• Bioethics Resources & Scholarly Writing – Examine a wide array of bioethics resources, and learn how these resources can be used to select a paper topic and conduct effective research on that topic. [28:33 mins; 25 points]

For more information on the Law Library Legal Research Seminars, contact Laura Ray, Outreach & Instructional Services Librarian.

Space Law Resources at the Law Library

International Space Station orbiting EarthInterested in legal issues that are “out of this world?” (Sorry, couldn’t help it.)

C|M|Law’s Global Space Law Center (GSLC), directed by Professor Mark Sundahl, is dedicated to the study of space law and training next-generation space lawyers. GSLC is the only law school center in the nation focused on the law of outer space. Space law is made up of a variety of international agreements, treaties, conventions, and United Nations General Assembly resolutions as well as rules and regulations of international organizations. These documents address numerous issues such as settling disputes, liability for damages caused by space objects, preserving space and Earth environments, and the use of space-related technologies.

The GSLC offers an online summer class, Space Law: A Global View, covering a range of space-related topics including international treaties, domestic regulations of new space companies, jurisdiction issues, and asteroid mining. The GSLC also contains a Research Council that develops material to influence domestic and international regulations and legislation.

Are you taking the Space Law class this summer? The Law Library has numerous resources available such as The Politics and Perils of Space Exploration and The Handbook of Space Law. Journals on the topic include Air and Space Law and Journal of Space Law. Check out the Library’s Space Law Research Guide. Don’t forget, you can also schedule individual research consultations with a law librarian by contacting research.services@law.csuohio.edu.

Tech News: More on AI in Legal Research

drawing of human brain, half circuitboard and half artistic swirlsCasetext, a free online legal research platform known for its subscription-based artificial intelligence (A.I.) research tool called CARA, has launched an updated and enhanced version. The updated version, known as CARA A.I., does not just analyze citations anymore. It is now a robust legal research engine. New features include seamless integration of CARA A.I. with Casetext research. Additionally, users can upload litigation documents containing no citations to CARA A.I., and the program will analyze the documents and generate a list of authority based on the issues, facts, and jurisdiction present.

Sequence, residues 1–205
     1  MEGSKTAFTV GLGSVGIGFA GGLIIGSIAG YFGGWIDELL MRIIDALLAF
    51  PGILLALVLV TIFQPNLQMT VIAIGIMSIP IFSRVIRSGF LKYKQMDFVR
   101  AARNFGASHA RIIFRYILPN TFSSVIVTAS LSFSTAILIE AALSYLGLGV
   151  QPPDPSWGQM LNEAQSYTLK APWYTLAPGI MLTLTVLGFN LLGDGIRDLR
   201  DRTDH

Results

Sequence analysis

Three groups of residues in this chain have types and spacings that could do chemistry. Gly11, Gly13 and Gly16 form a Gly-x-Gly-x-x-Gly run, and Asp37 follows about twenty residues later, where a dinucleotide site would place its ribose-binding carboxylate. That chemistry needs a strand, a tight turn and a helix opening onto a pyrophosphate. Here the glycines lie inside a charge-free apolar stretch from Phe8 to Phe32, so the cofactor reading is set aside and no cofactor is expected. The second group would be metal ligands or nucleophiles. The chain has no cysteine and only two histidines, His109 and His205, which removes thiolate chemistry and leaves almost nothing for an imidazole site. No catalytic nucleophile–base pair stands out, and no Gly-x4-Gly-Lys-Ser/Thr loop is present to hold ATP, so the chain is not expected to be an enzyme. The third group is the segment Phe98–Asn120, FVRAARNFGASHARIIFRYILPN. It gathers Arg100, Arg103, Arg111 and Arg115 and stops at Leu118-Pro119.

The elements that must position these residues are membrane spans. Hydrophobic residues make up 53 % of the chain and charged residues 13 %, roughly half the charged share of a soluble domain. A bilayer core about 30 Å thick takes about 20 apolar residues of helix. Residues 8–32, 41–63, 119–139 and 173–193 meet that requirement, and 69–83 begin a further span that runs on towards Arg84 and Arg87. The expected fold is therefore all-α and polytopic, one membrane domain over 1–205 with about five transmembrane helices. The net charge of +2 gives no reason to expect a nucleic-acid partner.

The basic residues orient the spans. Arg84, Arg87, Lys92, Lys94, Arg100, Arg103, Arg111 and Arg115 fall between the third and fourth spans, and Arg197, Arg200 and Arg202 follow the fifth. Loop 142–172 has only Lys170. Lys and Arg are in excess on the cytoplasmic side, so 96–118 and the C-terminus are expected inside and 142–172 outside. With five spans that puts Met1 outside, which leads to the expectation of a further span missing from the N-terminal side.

For more about AI in legal research, Thomson Reuters has this breakdown, and has teamed up with Above the Law to produce Law2020,  a series on AI in the legal field.

Machine Learning and AI have many applications beyond the law. For a humorous take, check out SkyKnit and the full Aiweirdness.com archive.

US Supreme Court Records and Briefs Database

Faculty and students at Cleveland-Marshall have access to Gale’s U.S. Supreme Court Records and Briefs database. This database contains briefs and related documents from Supreme Court cases between 1832 and 1978. Previously, many of these briefs were not available through any of the library’s other legal databases, so this is a very useful for anyone doing research on older Supreme Court cases.

Access to this database is IP-authenticated for users connected to the law school’s computer network; faculty and students can also access the database while off campus by logging in with their CSU ID number and library PIN.